ISSN (Print) - 0012-9976 | ISSN (Online) - 2349-8846

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Holes in the Boiler

Holes in the Boiler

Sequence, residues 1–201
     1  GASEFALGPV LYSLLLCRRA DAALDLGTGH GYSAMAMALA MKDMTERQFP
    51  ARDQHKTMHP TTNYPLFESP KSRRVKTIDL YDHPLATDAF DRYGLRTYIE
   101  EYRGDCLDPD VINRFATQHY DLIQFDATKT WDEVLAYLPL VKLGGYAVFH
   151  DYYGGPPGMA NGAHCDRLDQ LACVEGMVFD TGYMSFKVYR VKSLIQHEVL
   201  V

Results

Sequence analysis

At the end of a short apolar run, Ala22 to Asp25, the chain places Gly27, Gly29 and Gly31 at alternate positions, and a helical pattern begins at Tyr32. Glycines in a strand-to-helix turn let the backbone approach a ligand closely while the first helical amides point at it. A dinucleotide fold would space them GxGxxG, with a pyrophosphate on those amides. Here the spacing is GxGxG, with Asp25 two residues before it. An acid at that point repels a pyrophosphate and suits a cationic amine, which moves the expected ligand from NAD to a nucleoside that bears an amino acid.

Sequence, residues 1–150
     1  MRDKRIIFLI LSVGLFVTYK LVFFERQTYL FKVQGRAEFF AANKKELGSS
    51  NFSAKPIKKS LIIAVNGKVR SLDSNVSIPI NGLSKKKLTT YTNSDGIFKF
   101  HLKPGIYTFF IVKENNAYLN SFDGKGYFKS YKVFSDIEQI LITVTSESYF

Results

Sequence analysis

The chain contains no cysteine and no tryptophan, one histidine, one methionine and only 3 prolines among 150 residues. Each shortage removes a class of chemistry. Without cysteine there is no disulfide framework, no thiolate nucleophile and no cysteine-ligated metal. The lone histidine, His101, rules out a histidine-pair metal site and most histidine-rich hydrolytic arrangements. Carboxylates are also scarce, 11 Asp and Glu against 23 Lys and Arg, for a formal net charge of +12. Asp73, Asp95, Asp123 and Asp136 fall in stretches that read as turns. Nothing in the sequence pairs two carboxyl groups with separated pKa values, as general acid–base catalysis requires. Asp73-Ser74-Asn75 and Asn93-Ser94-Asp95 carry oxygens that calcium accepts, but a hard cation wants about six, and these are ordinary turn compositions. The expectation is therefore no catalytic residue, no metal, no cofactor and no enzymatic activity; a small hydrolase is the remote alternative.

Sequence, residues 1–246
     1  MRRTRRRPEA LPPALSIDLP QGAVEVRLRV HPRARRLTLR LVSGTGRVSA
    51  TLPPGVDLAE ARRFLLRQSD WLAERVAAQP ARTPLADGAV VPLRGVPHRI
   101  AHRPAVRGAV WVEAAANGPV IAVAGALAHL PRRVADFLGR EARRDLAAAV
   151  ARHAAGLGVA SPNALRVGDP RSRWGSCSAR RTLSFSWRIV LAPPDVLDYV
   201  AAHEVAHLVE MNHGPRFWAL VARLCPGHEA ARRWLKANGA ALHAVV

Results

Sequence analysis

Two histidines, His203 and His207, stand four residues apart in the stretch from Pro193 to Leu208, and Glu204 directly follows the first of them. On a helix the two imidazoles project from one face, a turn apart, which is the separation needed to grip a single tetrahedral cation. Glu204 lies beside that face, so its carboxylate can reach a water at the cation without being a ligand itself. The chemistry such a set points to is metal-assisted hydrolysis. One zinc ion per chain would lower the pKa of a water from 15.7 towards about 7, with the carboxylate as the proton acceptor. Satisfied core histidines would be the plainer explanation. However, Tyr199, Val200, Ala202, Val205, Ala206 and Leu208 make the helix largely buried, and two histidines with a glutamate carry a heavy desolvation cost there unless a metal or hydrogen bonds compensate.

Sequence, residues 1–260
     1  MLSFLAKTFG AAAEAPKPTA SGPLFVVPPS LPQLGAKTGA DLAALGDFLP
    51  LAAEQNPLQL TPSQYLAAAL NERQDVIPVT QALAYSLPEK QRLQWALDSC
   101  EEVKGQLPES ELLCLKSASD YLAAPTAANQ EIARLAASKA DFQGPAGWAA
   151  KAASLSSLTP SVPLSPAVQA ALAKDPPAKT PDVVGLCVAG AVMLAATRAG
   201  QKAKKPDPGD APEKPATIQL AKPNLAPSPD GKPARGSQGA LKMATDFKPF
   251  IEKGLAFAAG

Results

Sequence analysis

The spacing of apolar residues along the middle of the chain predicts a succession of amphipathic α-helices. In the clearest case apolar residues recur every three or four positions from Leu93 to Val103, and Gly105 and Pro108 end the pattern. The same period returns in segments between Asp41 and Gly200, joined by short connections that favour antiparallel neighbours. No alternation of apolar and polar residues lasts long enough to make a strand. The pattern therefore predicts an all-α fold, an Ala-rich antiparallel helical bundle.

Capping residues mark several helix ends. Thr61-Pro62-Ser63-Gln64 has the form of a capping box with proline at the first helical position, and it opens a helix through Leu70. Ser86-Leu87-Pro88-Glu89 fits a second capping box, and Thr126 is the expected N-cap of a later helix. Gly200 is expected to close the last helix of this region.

Holes in the Boiler WOULD a steam engine be able to pull a train if there were holes in its boiler so that any steam generated escaped outside? Such is the effect of the practice of Indians with academic ambitions scientific, technical and other going abroad for higher study and research. A report (India Today, September 15, p 49) describes the "collapse of academic life" in, for example, Bihar where many teachers have not been paid for the past 14 years; yet another report (The Times of India, Bombay, August 9, p 13) describes many Biharis willing and able to spend several lakhs of rupees each to be able to study in "the land of Nobel Prize winners" and often being swindled in the process. What if these resources of money and motivation were available to Indian universities, as they rightfully should be, instead of being siphoned off abroad? To take another example, almost a decade (of choosing among foreign vendors) in time and billions in dollars were spent on the Bofors gun. What if this time and these billions (mostly in rupees) had been spent on developing and manufacturing Indian guns? Of course, there will be no kickbacks and Swiss bank accounts for the decisionmakers then and this reason for the way things were done can be repeated for dozens of defence (and non -defence) projects. There is also the problem of indigenous development projects, such as the Arjun tank, dragging on and on for years without results. The reason is that everyone knows in the back of their minds that the whole thing or parts can or will be imported and there are no serious consequences for nonperformance in such life and death matters as there rightfully should be. If the people responsible for defence equipment knew they could not buy abroad and yet must produce (or do without or be fired or even shot), they will produce and come up with new solutions (the tank, to take an example, was after all a solution to a problem in World War I). By now we know that much of innovation and invention can itself be made routine. In the Gulf war thought of as a triumph of hi-tech weaponry in a carefully planned and rehearsed operation, the US used bulldozers to bury alive thousands of Iraqi troops forced into their trenches by machine gun fire a low tech tactic that would have never occurred to Indians trained to slavishly ape the white man.

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